intravascular coagulation of the blood in any part of the circulatory system, as in the heart, arteries, veins, or capillaries.
- thrombose par effort,
- thrombotic thrombocytopenic purpura,
Origin of thrombosis
Dictionary.com Unabridged Based on the Random House Unabridged Dictionary, © Random House, Inc. 2019
noun plural -ses (siːz)
Word Origin for thrombosis
C18: from New Latin, from Greek: curdling, from thrombousthai to clot, from thrombos thrombus
Collins English Dictionary - Complete & Unabridged 2012 Digital Edition © William Collins Sons & Co. Ltd. 1979, 1986 © HarperCollins Publishers 1998, 2000, 2003, 2005, 2006, 2007, 2009, 2012
Online Etymology Dictionary, © 2010 Douglas Harper
Relating to, caused by, or characterized by thrombosis.
n. pl. throm•bo•ses (-sēz)
Formation or presence of a thrombus.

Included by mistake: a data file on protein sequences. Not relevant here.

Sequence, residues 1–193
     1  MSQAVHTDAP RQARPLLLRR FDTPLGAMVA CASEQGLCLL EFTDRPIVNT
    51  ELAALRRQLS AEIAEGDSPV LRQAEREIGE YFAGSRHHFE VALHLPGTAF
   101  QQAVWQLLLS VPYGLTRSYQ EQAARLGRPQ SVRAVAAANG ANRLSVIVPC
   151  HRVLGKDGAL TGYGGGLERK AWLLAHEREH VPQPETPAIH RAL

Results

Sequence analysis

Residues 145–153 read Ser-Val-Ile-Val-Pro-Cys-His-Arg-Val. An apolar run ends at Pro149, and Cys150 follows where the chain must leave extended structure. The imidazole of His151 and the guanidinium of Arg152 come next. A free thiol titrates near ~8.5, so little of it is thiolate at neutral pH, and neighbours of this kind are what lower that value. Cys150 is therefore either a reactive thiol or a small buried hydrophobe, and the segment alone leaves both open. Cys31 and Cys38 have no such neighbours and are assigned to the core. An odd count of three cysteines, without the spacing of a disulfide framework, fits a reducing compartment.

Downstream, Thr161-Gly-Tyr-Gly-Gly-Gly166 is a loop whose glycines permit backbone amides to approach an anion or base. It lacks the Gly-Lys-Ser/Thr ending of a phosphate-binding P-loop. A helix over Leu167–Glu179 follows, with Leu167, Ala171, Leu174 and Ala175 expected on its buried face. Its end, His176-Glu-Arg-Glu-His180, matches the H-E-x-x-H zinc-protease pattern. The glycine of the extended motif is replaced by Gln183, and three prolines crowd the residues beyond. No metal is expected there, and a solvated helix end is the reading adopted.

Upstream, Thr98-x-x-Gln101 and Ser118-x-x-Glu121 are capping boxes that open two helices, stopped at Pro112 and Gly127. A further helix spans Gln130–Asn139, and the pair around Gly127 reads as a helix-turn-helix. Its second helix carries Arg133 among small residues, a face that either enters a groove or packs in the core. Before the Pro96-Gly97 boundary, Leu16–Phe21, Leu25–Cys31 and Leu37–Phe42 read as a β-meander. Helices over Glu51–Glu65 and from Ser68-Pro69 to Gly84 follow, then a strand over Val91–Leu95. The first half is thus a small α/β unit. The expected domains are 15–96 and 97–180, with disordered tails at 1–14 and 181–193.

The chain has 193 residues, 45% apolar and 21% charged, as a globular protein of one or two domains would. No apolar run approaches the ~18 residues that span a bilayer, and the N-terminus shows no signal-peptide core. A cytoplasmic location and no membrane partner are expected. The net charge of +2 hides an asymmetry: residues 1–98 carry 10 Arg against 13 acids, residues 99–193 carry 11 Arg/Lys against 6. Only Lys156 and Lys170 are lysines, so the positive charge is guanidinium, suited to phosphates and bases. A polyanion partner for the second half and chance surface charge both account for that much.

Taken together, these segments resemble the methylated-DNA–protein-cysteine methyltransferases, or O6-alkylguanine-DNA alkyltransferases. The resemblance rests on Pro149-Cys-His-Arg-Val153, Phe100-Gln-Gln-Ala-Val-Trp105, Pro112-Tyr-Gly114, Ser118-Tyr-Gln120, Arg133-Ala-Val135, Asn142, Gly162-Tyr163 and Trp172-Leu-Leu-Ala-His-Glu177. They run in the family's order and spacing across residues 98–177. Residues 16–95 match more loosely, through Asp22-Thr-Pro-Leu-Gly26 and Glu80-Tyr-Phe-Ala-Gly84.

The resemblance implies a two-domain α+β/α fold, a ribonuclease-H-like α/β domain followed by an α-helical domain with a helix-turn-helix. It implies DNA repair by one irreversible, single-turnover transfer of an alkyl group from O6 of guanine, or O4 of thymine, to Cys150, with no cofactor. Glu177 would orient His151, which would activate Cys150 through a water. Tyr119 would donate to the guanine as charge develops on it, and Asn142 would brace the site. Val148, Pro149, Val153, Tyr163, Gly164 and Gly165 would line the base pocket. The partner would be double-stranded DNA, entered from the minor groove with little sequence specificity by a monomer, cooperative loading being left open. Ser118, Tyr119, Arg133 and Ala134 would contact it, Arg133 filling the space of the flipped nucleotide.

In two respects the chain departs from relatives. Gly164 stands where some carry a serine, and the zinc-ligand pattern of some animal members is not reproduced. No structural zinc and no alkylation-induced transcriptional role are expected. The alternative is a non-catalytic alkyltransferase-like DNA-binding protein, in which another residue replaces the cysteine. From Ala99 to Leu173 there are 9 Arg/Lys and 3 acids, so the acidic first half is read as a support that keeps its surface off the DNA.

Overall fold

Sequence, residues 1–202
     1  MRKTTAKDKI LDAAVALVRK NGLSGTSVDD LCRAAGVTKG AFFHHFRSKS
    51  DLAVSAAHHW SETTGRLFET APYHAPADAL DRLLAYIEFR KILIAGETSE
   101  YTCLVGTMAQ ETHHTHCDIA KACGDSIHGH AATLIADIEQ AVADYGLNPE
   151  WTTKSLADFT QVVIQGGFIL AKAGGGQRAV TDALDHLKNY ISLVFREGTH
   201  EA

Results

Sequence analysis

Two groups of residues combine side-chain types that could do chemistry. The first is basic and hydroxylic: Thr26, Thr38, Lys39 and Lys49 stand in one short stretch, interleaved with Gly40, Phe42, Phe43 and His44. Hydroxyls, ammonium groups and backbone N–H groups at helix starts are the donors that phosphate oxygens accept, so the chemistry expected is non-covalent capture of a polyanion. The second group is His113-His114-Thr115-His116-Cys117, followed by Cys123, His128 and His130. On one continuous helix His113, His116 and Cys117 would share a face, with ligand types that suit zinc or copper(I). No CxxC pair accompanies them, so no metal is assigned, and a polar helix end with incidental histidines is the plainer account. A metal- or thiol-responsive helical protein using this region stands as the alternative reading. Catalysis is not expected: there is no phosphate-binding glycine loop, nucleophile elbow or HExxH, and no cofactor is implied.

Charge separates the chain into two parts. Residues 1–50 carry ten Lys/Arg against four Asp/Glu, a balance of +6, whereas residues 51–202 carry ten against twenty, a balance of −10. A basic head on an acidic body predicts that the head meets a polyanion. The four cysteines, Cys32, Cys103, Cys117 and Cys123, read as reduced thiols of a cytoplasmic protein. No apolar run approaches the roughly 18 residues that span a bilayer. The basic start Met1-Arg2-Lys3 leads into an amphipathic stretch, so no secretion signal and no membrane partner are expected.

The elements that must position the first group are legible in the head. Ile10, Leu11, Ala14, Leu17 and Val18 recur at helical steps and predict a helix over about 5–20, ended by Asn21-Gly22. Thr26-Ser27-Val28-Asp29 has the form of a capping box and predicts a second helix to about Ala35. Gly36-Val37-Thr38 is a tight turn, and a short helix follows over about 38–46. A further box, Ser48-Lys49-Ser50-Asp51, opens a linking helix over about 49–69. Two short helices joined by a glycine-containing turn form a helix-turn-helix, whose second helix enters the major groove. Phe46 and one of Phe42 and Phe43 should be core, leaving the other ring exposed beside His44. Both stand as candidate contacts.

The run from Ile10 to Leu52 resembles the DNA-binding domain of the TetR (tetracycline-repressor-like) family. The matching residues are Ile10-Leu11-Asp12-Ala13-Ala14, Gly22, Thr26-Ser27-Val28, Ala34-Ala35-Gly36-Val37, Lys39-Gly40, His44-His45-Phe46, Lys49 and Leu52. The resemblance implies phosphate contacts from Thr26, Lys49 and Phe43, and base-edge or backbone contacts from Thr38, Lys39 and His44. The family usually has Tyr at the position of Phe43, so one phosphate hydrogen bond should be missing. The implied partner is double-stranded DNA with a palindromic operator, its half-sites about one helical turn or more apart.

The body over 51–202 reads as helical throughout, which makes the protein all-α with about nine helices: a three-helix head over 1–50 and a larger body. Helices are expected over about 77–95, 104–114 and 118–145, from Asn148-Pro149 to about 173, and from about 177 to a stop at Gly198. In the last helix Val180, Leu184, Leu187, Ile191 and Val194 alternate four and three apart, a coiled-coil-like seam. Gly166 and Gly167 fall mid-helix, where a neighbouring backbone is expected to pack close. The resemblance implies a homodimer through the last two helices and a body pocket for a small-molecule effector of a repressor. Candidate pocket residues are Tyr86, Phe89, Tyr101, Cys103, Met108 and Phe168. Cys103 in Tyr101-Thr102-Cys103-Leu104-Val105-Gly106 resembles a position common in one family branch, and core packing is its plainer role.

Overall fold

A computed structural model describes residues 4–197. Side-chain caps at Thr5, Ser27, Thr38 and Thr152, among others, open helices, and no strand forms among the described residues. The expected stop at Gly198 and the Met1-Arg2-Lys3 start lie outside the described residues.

The American Heritage® Stedman's Medical Dictionary Copyright © 2002, 2001, 1995 by Houghton Mifflin Company. Published by Houghton Mifflin Company.
The formation or presence of a thrombus.
The American Heritage® Science Dictionary Copyright © 2011. Published by Houghton Mifflin Harcourt Publishing Company. All rights reserved.
The development of a blood clot in the circulatory system. Depending on the location of the clot, the resultant loss of circulation can lead to a stroke (cerebral thrombosis) or heart attack (coronary thrombosis).
The New Dictionary of Cultural Literacy, Third Edition Copyright © 2005 by Houghton Mifflin Harcourt Publishing Company. Published by Houghton Mifflin Harcourt Publishing Company. All rights reserved.